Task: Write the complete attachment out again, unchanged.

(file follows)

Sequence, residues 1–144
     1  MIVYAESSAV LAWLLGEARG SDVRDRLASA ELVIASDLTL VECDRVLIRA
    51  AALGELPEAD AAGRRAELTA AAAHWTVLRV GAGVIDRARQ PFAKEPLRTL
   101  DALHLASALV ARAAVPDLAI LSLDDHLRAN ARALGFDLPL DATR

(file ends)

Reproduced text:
Sequence, residues 1–144
     1  MIVYAESSAV LAWLLGEARG SDVRDRLASA ELVIASDLTL VECDRVLIRA
    51  AALGELPEAD AAGRRAELTA AAAHWTVLRV GAGVIDRARQ PFAKEPLRTL
   101  DALHLASALV ARAAVPDLAI LSLDDHLRAN ARALGFDLPL DATR